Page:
I'd like to have a decently fast processor, but I didn't think I could justify an i7. The high range of the i5 spectrum seemed like a good match, but if you think I should get something lesser feel free to comment.
Also, does this come with any kind of fan or heatsink? Does the motherboard provide cooling for this? I haven't looked at individual fans yet.
16 gigs might be overkill, but I was surprised at how cheap RAM was. From my limited understanding, the performance gains for anything I'd be doing would be very limited between expensive and budget RAM, so I went with some relatively cheap stuff that still had a good company reputation. Reviews of G SKILL customer service are so near universally positive it had me wondering if they were paying employees to give them positive comments or something...
I have several hundred gigs of lossless music alone, and I work with a lot of raw video right off cameras that take up obscene amounts of space, especially high speed footage. I already have like 10 TB full, so I will definitely use up 4 TB easily. 4TB is the minimum I'll have in this machine. Would I be better off with a single 4TB drive over 2x 2TB? I chose Hitachi based upon a single comment over on Newegg...
"I'm in the storage industry and I see the qualification results of a *lot* of hard drives from a lot of different vendors. I also get to see the actual service history metrics. I won't name names, but Hitachi is the ONLY consumer-grade drive that I'll use in my home PC. MTBF of specifically the 500MB, 1TB, and 2TB Hitachis are miles ahead of the pack. Don't screw around with your data."
Alright, this one takes up a fair bit of the budget but I really don't think I can avoid it. This is really as cheap as I can go here- professional screens for true color printing and such are often over $2000. If you have a recommendation for a different monitor with really good performance I'd love to hear it, but I want to avoid spending everything on it.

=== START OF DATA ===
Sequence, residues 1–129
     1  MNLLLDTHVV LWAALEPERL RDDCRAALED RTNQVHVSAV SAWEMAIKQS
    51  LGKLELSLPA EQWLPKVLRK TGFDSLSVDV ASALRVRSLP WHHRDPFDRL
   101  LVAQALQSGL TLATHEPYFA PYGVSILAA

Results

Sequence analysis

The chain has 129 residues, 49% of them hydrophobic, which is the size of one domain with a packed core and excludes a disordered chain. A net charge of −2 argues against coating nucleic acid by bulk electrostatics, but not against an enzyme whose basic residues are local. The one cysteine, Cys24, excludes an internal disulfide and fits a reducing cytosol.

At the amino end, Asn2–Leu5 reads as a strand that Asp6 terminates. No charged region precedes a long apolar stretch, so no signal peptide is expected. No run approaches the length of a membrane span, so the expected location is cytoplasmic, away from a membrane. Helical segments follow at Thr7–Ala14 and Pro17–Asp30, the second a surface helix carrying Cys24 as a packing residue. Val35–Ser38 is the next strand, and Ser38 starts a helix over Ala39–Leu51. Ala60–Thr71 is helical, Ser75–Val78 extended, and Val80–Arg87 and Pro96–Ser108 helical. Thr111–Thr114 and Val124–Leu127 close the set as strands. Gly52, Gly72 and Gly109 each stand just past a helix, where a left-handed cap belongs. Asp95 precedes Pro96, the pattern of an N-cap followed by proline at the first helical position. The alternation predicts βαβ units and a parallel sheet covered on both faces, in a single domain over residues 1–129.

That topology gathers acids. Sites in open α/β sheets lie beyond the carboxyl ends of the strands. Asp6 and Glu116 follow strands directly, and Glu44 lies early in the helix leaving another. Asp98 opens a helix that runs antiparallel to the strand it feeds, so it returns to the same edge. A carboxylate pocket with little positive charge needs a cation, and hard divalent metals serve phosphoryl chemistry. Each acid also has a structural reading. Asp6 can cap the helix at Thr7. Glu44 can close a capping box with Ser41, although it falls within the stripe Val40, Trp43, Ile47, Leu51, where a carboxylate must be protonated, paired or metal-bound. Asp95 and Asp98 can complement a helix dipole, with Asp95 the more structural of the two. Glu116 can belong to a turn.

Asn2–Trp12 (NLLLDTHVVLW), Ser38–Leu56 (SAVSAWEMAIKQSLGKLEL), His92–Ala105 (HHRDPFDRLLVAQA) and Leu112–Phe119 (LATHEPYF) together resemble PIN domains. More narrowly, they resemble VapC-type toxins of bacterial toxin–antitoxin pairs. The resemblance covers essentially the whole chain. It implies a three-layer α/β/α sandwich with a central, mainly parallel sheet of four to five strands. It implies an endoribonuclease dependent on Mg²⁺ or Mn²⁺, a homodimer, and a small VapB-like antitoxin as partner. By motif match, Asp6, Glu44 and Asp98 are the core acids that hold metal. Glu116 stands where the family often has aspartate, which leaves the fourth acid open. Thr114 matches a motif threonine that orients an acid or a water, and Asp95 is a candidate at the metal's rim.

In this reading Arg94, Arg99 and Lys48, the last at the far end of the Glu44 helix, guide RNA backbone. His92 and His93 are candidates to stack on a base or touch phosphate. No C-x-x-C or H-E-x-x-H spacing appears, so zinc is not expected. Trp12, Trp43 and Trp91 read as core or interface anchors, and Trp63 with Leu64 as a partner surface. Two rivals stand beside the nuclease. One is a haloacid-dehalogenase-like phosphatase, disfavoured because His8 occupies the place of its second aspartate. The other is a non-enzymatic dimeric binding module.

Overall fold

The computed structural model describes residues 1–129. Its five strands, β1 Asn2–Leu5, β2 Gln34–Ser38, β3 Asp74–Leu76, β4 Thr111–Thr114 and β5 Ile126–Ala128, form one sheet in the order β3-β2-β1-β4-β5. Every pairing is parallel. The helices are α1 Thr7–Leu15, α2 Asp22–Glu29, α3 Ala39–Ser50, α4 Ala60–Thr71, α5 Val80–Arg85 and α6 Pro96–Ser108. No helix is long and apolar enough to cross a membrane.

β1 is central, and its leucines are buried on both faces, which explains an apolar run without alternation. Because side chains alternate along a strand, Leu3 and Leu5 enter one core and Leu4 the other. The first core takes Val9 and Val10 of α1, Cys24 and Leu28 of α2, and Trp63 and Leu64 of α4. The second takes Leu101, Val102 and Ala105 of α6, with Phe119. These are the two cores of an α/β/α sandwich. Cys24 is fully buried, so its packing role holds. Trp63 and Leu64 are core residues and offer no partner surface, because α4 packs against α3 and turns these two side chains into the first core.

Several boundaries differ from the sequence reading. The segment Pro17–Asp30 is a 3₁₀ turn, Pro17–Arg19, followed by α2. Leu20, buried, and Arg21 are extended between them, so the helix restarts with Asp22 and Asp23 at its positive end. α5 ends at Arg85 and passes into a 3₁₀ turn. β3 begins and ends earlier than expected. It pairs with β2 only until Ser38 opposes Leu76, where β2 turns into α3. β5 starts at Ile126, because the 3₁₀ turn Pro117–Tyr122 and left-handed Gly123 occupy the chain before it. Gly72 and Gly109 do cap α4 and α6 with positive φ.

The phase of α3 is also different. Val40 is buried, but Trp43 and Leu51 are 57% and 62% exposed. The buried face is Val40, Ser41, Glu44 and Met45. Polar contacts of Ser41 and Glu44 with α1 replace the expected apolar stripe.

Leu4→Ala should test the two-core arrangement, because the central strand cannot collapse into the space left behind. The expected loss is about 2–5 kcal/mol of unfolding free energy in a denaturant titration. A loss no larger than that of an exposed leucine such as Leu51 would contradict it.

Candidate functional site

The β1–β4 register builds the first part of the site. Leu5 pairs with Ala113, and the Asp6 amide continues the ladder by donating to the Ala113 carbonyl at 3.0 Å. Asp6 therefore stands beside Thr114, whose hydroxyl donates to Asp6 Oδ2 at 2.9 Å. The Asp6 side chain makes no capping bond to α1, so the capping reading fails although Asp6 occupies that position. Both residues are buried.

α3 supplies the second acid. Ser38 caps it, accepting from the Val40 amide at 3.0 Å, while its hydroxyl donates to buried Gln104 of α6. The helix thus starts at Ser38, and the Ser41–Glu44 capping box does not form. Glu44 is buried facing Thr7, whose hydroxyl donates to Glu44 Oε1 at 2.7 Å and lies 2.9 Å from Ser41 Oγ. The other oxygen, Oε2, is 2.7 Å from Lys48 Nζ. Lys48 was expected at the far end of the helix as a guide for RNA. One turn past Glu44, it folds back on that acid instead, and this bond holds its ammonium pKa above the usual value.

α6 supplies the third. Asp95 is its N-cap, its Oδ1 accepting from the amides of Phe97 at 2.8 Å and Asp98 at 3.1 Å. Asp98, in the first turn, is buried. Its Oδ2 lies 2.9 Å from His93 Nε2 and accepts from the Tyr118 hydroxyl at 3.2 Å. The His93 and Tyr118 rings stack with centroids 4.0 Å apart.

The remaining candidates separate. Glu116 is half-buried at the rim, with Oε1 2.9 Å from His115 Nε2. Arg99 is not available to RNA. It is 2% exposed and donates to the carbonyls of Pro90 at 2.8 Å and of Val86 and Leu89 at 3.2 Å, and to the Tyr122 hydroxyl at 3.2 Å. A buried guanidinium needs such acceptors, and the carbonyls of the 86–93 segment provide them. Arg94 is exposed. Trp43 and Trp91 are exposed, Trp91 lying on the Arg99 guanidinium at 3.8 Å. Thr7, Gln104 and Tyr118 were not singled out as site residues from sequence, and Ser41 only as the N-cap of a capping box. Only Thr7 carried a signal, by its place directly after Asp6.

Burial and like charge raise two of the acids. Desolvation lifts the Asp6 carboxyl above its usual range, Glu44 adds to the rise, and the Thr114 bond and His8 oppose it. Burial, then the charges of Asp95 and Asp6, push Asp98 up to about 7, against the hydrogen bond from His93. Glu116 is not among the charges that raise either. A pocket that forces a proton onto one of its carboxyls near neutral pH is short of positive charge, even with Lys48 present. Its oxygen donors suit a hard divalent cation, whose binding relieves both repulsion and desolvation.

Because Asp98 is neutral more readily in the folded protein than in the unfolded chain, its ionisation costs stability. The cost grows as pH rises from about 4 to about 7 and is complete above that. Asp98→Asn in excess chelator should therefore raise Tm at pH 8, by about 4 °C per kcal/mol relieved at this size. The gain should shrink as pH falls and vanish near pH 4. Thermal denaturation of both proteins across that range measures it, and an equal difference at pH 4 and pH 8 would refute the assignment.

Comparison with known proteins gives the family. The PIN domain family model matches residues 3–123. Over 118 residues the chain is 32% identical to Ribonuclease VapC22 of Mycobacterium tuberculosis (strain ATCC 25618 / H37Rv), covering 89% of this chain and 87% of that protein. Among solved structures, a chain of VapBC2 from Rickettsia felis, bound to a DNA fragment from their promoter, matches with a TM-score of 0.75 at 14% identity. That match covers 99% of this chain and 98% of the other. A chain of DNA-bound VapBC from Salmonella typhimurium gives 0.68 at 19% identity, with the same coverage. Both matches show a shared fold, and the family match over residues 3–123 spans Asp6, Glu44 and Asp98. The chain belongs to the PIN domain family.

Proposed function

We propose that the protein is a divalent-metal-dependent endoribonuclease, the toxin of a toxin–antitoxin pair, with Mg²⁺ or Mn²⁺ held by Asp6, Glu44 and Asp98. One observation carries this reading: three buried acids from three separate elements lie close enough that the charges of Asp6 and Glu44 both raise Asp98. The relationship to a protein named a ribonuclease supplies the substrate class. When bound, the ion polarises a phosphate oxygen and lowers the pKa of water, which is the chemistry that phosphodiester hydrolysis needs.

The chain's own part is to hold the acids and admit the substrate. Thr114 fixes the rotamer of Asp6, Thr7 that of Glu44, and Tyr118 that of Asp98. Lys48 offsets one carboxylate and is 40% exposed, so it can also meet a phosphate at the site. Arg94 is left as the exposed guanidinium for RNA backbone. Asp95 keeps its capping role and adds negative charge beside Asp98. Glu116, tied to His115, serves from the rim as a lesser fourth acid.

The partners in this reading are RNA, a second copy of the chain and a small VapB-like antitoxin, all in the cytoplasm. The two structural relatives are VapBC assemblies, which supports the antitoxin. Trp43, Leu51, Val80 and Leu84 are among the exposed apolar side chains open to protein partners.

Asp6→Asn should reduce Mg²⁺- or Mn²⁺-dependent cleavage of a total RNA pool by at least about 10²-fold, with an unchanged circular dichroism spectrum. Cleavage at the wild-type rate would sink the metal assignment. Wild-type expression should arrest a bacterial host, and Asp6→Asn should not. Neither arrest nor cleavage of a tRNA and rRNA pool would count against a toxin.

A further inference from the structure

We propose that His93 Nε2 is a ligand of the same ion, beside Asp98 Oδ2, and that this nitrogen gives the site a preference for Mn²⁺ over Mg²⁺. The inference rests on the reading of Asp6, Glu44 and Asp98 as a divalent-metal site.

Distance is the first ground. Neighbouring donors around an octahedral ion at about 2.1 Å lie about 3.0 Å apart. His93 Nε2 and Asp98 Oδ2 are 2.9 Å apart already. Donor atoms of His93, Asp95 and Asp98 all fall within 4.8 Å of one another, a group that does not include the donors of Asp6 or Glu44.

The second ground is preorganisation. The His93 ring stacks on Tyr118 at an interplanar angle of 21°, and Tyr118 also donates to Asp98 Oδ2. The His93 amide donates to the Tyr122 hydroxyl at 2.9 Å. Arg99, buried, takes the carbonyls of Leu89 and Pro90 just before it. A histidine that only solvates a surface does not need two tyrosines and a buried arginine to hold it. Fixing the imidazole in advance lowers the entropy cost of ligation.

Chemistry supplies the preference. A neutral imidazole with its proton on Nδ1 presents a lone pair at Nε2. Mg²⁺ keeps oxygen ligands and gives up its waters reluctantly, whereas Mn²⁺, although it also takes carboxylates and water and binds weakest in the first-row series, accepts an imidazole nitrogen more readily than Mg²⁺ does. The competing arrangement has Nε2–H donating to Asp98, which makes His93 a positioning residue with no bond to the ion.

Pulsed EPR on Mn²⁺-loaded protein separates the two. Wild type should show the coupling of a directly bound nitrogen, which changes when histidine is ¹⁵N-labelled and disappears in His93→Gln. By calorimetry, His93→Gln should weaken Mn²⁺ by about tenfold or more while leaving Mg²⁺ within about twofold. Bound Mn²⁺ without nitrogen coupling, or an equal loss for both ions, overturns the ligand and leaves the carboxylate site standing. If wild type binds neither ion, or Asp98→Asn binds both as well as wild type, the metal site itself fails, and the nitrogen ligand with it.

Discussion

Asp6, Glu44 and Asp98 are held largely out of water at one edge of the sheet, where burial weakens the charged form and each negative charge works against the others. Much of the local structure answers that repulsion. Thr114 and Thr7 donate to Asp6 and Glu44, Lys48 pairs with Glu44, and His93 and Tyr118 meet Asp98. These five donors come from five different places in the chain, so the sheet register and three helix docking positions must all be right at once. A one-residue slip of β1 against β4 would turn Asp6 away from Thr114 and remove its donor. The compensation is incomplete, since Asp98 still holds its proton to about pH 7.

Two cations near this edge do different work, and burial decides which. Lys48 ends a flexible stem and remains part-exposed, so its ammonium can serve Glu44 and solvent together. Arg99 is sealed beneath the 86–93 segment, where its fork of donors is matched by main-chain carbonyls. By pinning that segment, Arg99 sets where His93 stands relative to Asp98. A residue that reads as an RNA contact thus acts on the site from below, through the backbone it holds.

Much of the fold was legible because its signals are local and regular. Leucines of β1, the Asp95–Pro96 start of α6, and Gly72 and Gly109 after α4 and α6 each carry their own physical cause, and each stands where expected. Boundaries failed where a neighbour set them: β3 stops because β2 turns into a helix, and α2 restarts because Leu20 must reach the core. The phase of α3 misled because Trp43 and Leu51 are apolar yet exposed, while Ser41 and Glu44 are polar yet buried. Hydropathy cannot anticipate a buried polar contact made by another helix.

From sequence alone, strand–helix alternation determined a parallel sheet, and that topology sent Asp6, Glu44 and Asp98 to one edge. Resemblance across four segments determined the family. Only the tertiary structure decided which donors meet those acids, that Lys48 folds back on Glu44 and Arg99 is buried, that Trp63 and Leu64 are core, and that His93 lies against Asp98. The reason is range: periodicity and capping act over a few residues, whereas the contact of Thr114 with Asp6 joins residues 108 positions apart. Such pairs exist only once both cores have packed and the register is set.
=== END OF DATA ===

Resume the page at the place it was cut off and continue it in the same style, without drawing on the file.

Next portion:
Working with Blu-Ray would be nice, and the comments indicate this lacks any software, but I figure I can find Blu-Ray software relatively cheaply. The college might even be able to hook me up, sometimes they're cool like that.
Total Cost on Wishlist: $1777.88 (Cool number.. find me a way to drop it another 11 cents!)
Anything else I will need? Are there any screws or cables or the like I should buy? Any additional fans or cooling solutions?
More importantly, is anything here incompatible? I tried to match things that sounded like they should work together, but as I've mentioned before I've never actually built a computer so this is all new to me
One concern I don't directly address in the hardware list is sound. I don't think of myself as an audiophile, but I do listen to lossless music on $1400 headphones that need their own amp. I'd hate to think there's anything in this system holding back my listening experience- I haven't looked into dedicated sound cards or the limitations of integrated sound yet. Any audiophiles have thoughts on this? On this same train of thought, I'd also love to keep this build quiet for similar reasons, so if you see anything here that's got a loud fan or anything I'd love to hear about it.
Also, if you're wondering why I'm trying to reduce the price on a computer with a dedicated budget... I'm trying to add Photoshop Student, an Intuos tablet, gaming mouse, speakers, etc. I've got a long list of things I'd love to squeeze in.
The 560ti 448 core is not a good choice. Around 300$ you now can find 7870's and 660ti's. Both are faster and use less power. If your going to overclock, go with the 7870, if not. the 660ti would be a good choice. I haven't seen prices on the cards, but I assume they are still close to 280-300$
If they are a little high, and you don't want to stretch for them, the 7850 is still a better choice all around than the 560ti 448, and it is around 230$.
Edit: Did not see your comment about needing storage, so forget mine. Looked on newegg, there are some 7870 models at the 260$ mark. That is absolutely your card of choice at that price, no questions asked.